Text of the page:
The other day I wrote about my frustration about the state of fragmentation in the Android ecosystem, citing my inability to buy the game Magic Defenders for my Acer Iconia A100 7″ Honeycomb-based tablet. I have been fortunate in the two of the developers from Clueless Ideas, the company making the game, have reached out to me – and one even commented on my post! His reply was thoughtful and insightful – and I thought it warranted being highlighted.
When I saw in my email that someone from the developing company was commenting, my initial concern was that they didn’t like being singled out and having their game be the focus of my rant. Fortunately that wasn’t their response at all! They understood that my using their game came from me actually wanting to BUY it, but once again being unable to do so because of the various issues with supporting the myriad
In truth, I really think I would love Magic Defenders as noted, and was ready to click ‘buy’ … if I could. Here again is the description of Magic Defenders HD:
Ready for magic circles, spells and an endless army of orcs?
Be the hero and defend your village from the evil orcs in three different invasion episodes. You will fight in the forest, near the walls and inside the town to defend the town’s last resort, the castle. Compete with people around the world for the highest score in an endless battle to defend everyone in an arcade style gameplay.
As I said, Manuel Costa of Clueless Ideas took the time to write up a great reply, and I wanted to just present it – because it expresses so well exactly what I am trying to say.
Hi, I’m one of the developers of the game Magic Defenders you used as an example. Our game is made for all “big” tablets running honeycomb. It should run on your Acer Iconia (well, if you’re talking about the Acer Iconia A500). [Note: I clarified that I have the 7" A100]
About the fragmentation, I completely agree with you. I’m an Apple products user and when looking at the Android world it really scares me how confusing, messy and not at all standardized the whole thing is.
From a developer’s perspective it is even worse! To develop for such a different array of devices, all with different capabilities and screen sizes/resolutions, if we want to make a game that is compatible with all of them we have to include in the package around 3 or 4 sets of assets (images, sounds, videos…). Then the whole code has to be a lot more complicated to be able to deal with using different assets depending on each device capabilities, screen size and such (checking device, loading correct assets, placing them correctly on screen, etc). The game becomes slower to account for all that extra processing and the game package becomes way bigger than it needs to be. Besides that, it obviously takes a lot of time to get those different optimized assets.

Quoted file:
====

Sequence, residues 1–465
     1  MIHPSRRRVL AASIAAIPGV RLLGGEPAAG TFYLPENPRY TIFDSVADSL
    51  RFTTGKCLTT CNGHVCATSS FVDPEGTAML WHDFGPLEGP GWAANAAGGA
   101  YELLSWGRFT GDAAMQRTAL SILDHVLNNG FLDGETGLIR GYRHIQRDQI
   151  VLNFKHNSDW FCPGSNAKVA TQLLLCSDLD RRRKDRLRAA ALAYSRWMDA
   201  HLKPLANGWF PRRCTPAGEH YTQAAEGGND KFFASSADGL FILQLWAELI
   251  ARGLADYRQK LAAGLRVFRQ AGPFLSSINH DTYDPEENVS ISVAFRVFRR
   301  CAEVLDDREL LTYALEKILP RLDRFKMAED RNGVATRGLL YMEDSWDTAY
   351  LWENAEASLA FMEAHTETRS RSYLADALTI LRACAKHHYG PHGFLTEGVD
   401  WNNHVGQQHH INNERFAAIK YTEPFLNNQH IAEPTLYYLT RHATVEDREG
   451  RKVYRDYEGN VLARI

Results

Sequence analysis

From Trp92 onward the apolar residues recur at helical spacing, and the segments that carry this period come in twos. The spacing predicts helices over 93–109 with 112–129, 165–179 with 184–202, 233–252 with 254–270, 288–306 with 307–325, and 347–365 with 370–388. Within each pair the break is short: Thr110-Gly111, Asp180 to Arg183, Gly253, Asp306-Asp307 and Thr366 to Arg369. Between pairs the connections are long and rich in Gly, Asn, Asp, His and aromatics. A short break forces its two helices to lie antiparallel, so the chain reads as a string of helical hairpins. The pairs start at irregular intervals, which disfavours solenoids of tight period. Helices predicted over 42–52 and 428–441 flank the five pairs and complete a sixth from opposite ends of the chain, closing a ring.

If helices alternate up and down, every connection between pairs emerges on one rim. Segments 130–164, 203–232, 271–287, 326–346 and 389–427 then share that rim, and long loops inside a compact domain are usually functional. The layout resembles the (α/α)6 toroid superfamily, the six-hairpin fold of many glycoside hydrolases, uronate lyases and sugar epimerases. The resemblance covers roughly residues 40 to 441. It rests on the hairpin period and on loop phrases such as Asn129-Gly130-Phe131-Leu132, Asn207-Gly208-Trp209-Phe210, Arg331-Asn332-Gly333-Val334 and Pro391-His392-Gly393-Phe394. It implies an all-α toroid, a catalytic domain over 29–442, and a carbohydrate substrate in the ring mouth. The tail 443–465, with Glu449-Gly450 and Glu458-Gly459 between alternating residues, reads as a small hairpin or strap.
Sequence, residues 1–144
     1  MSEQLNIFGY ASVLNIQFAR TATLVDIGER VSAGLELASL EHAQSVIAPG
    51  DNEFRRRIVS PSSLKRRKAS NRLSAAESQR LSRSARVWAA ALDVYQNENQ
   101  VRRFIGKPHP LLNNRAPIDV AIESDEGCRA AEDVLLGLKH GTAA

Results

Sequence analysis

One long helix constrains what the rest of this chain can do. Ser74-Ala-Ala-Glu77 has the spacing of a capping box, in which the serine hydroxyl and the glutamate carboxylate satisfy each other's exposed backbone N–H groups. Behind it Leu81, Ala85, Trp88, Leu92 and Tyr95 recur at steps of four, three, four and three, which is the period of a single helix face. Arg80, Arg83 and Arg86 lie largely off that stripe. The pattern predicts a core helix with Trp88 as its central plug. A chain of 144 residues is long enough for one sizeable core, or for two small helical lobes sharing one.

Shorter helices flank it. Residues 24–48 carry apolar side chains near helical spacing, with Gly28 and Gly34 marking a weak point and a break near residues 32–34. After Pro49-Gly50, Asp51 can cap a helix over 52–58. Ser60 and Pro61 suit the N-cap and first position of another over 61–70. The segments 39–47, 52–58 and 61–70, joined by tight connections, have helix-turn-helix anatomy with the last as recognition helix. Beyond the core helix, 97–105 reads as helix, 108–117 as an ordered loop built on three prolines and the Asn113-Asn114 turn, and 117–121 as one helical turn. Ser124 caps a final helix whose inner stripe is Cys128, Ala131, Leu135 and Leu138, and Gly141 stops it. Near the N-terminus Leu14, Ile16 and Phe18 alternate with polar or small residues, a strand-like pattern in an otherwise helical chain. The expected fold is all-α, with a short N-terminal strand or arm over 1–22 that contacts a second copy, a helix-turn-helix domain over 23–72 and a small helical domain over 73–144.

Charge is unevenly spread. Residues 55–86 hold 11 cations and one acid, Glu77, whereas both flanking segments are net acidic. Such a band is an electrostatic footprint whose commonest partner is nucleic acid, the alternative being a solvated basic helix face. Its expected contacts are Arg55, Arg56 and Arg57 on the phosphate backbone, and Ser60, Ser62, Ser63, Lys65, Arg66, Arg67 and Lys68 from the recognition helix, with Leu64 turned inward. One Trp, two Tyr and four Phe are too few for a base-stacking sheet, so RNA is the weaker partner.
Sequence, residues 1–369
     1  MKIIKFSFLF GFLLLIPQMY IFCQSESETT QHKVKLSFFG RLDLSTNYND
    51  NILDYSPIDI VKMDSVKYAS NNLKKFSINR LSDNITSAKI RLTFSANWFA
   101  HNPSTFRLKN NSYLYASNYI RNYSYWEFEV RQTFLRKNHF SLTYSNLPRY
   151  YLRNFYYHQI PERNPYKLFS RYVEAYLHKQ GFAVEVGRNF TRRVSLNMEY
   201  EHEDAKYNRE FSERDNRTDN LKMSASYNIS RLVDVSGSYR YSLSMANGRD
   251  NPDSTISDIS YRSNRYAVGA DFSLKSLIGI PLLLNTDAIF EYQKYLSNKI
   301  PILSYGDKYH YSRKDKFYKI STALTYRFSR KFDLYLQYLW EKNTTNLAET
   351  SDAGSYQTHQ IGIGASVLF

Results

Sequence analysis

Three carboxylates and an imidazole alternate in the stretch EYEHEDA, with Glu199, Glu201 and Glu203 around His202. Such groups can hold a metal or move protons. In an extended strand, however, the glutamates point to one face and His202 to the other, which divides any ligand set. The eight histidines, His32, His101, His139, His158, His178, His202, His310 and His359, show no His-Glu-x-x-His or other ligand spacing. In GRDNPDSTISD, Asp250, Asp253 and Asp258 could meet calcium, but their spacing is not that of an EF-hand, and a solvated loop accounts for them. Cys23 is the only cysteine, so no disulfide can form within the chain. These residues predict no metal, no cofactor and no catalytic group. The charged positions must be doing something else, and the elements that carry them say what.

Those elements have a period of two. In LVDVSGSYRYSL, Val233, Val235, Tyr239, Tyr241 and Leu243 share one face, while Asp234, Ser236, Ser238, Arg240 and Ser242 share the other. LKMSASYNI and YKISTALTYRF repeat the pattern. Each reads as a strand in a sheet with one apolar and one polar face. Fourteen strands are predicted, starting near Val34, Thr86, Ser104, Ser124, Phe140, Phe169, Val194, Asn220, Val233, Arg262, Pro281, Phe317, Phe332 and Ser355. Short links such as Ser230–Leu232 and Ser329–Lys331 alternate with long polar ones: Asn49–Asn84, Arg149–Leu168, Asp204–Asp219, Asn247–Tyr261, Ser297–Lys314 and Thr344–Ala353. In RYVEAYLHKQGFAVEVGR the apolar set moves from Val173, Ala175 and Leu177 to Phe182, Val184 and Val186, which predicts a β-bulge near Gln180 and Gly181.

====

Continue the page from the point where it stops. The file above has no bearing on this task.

After all that comes the testing! We have to test on like a dozen devices to be sure it runs everywhere correctly. Then one of them doesn’t, you try to fix it there and end up messing the game on another device. It’s a pain overall!
We are currently working hard on having a magic defenders version out that runs on most devices. We’re targeting devices on android 2.2 and above, with a decent CPU (armv7 600Mhz+), and resolutions of 480×320 and above.
We released the tablet version first because it was our first focus device. We chose these devices for the game first because it is undoubtedly where it looks best.
At the same time I was also in contact with Ricardo Graca, who had uncovered the issue resulting in my A100 being incompatible, and they are working to create an updated version to support yet another non-standard configuration.
The combination of all that Manuel said, along with having to do yet another re-optimization because the Iconia has a different configuration than the Samsung Galaxy Tab and also from the HTC Flyer … just boggles the mind!
It is never my intent to criticize the developers when writing about Android fragmentation – because I understand that it is the myriad of hardware and software targets that cause this stuff, and the developers have a much harder job supporting a wide range of Android devices than the extremely controller iOS platform or even the more controlled Windows Phone 7 devices.
So thanks to the folks at Clueless Ideas for all of the support and insight, and if you have a Honeycomb tablet definitely check out Magic Defenders HD – and I’ll have a review once they have finished up a new version supporting the Iconia!